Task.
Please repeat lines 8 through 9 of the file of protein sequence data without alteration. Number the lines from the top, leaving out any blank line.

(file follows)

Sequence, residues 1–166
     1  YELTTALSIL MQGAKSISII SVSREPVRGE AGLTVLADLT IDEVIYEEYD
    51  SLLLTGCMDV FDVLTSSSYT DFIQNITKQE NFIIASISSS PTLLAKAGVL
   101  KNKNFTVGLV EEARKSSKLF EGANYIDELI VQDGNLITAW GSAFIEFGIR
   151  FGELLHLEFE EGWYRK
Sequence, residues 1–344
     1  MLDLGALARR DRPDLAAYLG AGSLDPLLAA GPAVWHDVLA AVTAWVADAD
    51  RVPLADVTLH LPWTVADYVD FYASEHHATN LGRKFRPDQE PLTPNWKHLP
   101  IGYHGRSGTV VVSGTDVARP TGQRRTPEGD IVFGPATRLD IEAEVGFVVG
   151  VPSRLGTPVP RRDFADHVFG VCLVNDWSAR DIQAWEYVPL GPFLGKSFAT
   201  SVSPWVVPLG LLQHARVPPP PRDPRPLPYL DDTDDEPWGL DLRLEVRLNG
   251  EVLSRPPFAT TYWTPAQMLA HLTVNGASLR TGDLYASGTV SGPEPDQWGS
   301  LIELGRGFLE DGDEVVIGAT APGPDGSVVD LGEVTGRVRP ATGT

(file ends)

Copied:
    51  RVPLADVTLH LPWTVADYVD FYASEHHATN LGRKFRPDQE PLTPNWKHLP
   101  IGYHGRSGTV VVSGTDVARP TGQRRTPEGD IVFGPATRLD IEAEVGFVVG